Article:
Little-known ritual of traditional Japanese hot spring bath

More than 25,000 natural hot mineral springs are an important source of energy for Japan’s health-recovery tourism industry.

Located in a volcanic area on the Pacific Ocean, Japan is likened to lying on a “heating bed” with continuous geothermal activities. The country has more than 25,000 natural hot mineral springs that help provide the “life force” for more than 3,000 resort spas across the country.

Little-known ritual of traditional Japanese hot spring bath
Onsen in Japan often opens in an area with very beautiful scenery, so that bathers can both lie down and enjoy the scenery. (Photo: BBC).

Bathing in hot springs (onsen) is an important part of Japanese culture, with distinctive rituals that have been around for a long time. The following are basic guidelines for visitors having an onsen experience for the first time.

Depending on the facility, guests will have to shower with tap water or scrub with soap before entering the hot tub. It is best to bring your own soap, shampoo and towels.

Most onsen do not allow visitors to swim in swimsuits. At these spas, there are separate baths for men and women. You can use a towel to cover your body while on the shore. The purpose of this is to keep the water as clean as possible.

According to OnsenJapan, people with tattoos are traditionally understood to be in gangs or have ties to organized crime. Although this rule may seem discriminatory in this day and age, some onsen are still not open to visitors with tattoos.

Many onsen do not allow photography to ensure privacy. If you want to take pictures of the surrounding landscape, you must ask the resort staff first.

Guests are encouraged to drink bottled water for hygiene purposes. The most important thing is not to drink alcohol before taking a bath, partly because prolonged exposure to hot water when drunk can be dangerous to health.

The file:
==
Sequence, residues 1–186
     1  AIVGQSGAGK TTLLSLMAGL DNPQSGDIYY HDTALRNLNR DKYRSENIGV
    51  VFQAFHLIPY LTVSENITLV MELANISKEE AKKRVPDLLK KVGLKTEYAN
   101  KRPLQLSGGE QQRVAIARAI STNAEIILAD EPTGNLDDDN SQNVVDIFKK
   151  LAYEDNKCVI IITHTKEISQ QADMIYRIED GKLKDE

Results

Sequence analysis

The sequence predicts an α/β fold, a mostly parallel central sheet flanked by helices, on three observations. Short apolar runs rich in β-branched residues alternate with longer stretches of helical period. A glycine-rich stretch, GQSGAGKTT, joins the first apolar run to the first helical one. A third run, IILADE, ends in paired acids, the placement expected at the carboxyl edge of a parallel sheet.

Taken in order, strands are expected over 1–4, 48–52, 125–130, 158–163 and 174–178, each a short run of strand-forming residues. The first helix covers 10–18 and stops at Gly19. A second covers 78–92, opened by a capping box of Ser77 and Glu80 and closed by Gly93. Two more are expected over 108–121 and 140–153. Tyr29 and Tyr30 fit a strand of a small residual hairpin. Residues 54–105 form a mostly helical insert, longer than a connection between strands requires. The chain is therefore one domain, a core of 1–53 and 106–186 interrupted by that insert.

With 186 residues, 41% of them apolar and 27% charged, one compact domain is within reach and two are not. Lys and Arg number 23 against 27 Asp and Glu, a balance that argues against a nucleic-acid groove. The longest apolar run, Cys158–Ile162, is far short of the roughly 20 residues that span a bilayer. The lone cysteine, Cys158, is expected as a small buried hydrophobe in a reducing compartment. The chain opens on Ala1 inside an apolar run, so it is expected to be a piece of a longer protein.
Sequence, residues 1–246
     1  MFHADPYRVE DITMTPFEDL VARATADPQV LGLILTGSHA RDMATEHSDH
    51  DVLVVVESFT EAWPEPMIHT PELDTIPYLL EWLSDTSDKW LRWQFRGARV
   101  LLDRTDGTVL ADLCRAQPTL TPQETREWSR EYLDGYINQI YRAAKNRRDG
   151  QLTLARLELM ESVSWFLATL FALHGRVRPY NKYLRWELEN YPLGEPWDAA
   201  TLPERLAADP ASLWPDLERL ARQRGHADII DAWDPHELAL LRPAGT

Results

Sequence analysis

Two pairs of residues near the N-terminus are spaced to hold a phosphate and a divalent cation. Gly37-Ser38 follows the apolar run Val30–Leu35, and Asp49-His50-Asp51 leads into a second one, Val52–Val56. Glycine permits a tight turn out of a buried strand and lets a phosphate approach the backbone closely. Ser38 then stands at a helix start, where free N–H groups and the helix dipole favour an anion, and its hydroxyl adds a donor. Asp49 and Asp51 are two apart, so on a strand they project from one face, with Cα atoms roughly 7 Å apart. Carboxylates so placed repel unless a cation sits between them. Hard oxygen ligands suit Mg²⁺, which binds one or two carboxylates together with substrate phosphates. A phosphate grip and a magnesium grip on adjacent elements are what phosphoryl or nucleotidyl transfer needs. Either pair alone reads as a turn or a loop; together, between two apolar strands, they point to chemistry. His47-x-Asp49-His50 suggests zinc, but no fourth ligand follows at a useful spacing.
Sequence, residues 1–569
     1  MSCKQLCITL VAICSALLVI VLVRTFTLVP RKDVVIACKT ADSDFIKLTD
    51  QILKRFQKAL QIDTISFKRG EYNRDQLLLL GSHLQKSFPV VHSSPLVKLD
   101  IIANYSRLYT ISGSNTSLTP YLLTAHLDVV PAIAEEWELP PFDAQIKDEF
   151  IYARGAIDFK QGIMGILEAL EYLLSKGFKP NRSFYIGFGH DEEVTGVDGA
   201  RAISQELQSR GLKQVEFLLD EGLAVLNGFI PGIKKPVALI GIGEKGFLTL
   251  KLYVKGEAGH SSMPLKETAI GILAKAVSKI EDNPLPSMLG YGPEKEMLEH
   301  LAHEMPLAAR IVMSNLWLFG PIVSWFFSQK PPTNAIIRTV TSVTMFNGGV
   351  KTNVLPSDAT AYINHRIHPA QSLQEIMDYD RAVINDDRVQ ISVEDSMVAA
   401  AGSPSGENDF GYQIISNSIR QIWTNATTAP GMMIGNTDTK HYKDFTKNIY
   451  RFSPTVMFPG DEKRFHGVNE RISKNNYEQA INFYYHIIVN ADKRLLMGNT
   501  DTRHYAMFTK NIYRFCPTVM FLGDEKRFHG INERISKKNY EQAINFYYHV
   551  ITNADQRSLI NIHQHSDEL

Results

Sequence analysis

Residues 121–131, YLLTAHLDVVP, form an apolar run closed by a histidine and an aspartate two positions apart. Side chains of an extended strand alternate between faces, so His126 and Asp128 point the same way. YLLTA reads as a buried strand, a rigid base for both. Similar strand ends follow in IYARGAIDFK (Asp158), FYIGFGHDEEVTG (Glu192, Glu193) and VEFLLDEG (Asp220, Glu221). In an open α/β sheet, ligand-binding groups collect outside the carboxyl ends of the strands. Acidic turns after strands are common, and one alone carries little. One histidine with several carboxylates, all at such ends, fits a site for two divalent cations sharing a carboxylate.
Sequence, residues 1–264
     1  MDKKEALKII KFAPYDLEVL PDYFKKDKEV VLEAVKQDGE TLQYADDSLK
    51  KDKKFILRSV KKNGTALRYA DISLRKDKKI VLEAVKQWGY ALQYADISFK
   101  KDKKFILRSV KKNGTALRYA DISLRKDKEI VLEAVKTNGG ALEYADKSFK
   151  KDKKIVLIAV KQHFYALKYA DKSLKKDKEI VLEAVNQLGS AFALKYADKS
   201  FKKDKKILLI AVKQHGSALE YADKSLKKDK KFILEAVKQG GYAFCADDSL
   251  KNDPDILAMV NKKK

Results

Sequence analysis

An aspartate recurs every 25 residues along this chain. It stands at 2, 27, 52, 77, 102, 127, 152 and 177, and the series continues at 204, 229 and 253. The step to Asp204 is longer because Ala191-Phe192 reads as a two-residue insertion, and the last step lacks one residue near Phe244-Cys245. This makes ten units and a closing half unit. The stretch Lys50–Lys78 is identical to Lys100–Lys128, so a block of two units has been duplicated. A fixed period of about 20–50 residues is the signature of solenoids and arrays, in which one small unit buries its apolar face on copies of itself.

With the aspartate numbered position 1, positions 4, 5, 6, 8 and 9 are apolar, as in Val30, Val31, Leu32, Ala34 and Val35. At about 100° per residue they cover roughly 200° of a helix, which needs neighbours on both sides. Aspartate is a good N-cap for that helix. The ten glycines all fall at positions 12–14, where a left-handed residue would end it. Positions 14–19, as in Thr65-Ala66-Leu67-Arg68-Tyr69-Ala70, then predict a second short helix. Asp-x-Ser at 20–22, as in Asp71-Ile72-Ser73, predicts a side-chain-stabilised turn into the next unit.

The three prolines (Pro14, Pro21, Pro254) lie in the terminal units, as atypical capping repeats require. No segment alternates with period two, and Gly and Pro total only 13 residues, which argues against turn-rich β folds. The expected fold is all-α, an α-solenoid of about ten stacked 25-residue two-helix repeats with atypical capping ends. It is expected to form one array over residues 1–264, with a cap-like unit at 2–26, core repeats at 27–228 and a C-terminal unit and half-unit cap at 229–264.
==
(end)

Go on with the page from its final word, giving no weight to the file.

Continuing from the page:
Little-known ritual of traditional Japanese hot spring bath
Most of the Onsen will be divided into two areas: separate men and women. (Photo: Japan Times).

Bathing in mineral springs, which is considered a restorative therapy and medical treatment, has been widely used in Japan. Although often considered a “side therapy” , its benefits have been proven by prestigious medical studies around the world. The combination of chemistry, heat, and pressure of thermal baths is used to treat health problems such as dermatitis, arthritis or lower back pain.

The sulfur and magnesium found in the hot springs help promote skin health, while the heat can reduce symptoms of inflammation and pain, and boost the immune system. The onsen in Japan must have a temperature of at least 25 degrees Celsius, some even go up to 100 degrees Celsius.

Little-known ritual of traditional Japanese hot spring bath
Onsen bathing is a long-standing Japanese tradition. (Photo: Japan Times).

One of the most popular onsen sites in Japan is Kurama Onsen, a peaceful outdoor bath located less than an hour’s drive from downtown Kyoto.

Housed in a lovely, comfortable ryokan (traditional inn), Kurama Onsen offers a stunning mountain view surrounded by a forest of Japanese cedar trees.

Other popular traditional ryokan with hot spring baths include Gyozanen and Seryo, two beautifully designed resorts in Ohara, a rural district in northern Kyoto near Sanzenin temple.